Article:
Eyes On Vulnerable AWACS, Rivet Joint, Etc., Air Force Studies replacements

Posted by Colin Clark on


Air Force photo

E-8C JSTARS

AFA ORLANDO: The Air Force, which relies on large vulnerable targets known as JSTARS, AWACS, Rivet Joint and other aircraft, knows it may need to shift its reliance on big, largely indefensible planes to fused networks of sensors as they are doing with JSTARS.

Air Force photo by TSgt Austin May

Gen. Mike Holmes

That was the word from Gen. Mike Holmes here today when I asked him if the Air Force would decide to drop the JSTARS recap and not do the same for the other large battle management and intelligence aircraft. Three JSTARS will retire next year and the other seven in the fleet will fly through the mid-2020s, when they will be retired.

The justification is the plane’s vulnerability to threats, combined with the Air Force’s conclusion that data can be better collected from a wide array of ground, air, space and sea sensors and fused together

Holmes told me that the Air Force has decided to greatly expand its Advanced Battle Management System Analysis of Alternatives (ABMS AOA) to consider the best ways forward in light of the much changed threat environment.

“The world is changing; the threats are changing. We are going to take a look at all the threats we are facing.” Translation: Russia and China are fielding denser air defense threats.

Air Force photo

A E-3 AWACS command aircraft surrounded by (clockwise from front right) an F-35A, F-16, F-18, and EA-18G.

The study was originally going to focus on AWACS, but Holmes and Air Combat Command are “going to broaden that, and look at all the things we do with our airborne ISR and battle management.” The study should begin this summer and, when I asked when it might be finished, he replied they would “do it as quickly as we can.”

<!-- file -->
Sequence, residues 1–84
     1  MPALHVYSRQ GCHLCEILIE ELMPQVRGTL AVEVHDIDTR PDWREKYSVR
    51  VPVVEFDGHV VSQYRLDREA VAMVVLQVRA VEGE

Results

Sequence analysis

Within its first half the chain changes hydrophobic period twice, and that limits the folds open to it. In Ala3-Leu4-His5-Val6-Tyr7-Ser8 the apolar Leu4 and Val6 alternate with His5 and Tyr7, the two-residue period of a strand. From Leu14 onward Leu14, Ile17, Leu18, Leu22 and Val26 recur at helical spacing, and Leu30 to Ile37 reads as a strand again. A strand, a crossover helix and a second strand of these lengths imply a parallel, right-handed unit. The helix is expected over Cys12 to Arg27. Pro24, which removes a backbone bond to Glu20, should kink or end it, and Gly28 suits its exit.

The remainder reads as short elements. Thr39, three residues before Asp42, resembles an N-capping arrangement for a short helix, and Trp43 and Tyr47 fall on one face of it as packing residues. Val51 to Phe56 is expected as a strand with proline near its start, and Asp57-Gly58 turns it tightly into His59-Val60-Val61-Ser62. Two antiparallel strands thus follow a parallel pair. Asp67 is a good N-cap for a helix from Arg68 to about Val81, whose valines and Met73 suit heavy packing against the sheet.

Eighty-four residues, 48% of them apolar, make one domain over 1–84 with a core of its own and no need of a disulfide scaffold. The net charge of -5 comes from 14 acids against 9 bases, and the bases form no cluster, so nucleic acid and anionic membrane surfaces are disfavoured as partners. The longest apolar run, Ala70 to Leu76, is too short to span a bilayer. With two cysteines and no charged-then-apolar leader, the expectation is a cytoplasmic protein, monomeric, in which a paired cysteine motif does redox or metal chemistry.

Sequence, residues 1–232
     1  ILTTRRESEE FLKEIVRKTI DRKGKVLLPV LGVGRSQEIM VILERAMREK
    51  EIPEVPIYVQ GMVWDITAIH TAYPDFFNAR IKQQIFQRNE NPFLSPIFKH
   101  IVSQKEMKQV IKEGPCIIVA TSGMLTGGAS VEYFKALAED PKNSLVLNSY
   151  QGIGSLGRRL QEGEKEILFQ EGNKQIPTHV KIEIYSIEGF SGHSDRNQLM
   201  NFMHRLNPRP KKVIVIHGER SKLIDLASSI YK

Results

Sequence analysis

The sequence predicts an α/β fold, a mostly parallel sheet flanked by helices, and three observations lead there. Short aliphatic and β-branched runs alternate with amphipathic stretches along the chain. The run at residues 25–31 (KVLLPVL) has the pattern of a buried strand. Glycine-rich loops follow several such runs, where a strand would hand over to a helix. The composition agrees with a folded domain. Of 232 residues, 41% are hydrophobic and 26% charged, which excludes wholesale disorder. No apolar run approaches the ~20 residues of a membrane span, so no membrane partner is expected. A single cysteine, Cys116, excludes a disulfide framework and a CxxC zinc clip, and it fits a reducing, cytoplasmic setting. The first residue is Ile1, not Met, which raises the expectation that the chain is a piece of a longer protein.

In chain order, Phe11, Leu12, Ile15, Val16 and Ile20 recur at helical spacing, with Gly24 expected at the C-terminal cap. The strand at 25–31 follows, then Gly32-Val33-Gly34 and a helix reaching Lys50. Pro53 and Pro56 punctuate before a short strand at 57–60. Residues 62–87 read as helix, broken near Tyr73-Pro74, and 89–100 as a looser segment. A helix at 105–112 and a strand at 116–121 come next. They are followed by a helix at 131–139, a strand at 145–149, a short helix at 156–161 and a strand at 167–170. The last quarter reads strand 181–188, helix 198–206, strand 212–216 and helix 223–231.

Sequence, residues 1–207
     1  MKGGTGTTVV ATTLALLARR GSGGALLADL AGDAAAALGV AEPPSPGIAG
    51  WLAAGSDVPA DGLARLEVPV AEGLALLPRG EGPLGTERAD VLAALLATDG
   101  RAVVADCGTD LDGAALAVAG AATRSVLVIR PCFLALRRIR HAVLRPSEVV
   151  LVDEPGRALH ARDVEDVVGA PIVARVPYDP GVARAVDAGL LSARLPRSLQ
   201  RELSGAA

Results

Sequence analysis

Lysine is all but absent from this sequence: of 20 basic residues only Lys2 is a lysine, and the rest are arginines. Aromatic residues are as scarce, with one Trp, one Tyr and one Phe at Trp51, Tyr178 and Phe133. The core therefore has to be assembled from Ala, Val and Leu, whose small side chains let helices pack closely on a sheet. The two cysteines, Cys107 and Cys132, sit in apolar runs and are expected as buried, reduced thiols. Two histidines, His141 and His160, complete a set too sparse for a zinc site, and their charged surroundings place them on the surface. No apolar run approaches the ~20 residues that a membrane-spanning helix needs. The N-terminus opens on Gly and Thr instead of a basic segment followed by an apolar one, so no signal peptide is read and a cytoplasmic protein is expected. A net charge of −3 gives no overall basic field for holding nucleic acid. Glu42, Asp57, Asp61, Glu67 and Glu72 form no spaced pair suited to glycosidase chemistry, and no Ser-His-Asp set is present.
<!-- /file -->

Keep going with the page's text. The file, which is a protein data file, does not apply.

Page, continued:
This could pose enormous threats to Boeing, Northrop Grumman and Lockheed, companies that traditionally benefit from being the integrators of sensors on large aircraft. Boeing built AWACS. Northrop Grumman built JSTARS. L-3 built the Rivet Joint.

Air Force photo

RC-135 Rivet Joint reconnaissance aircraft

The other intriguing argument that Holmes offered today was on why the Air Force is comfortable buying 48 F-35A Joint Strike Fighters a year instead of 80, a goal which Lockheed has pushed hard to increase economies of scale and thus lower the plane’s cost.

Holmes noted that 50 to 60 F-35As won’t “really affect age of the (fighter) fleet.” Buying 80 a year would lower the average age of the fighter force to 20 years. Boosting that to 100 a year would really make a difference in the average age of the fighter fleet, he said. But then he spent quite a while discussing the “tradeoffs to be made for the F-35.”

Boil it down and Holmes said the service is happy with the airplanes currently flying with the 3F software but is watching the fleet to see how many of the early models will never be upgraded to the combat standard. Add the budget uncertainty the service faced until Congress passed the 2018 and 2019 budget deal, and the Air Force clearly wanted to increase the number of F-35As it bought, but not go in whole hog yet.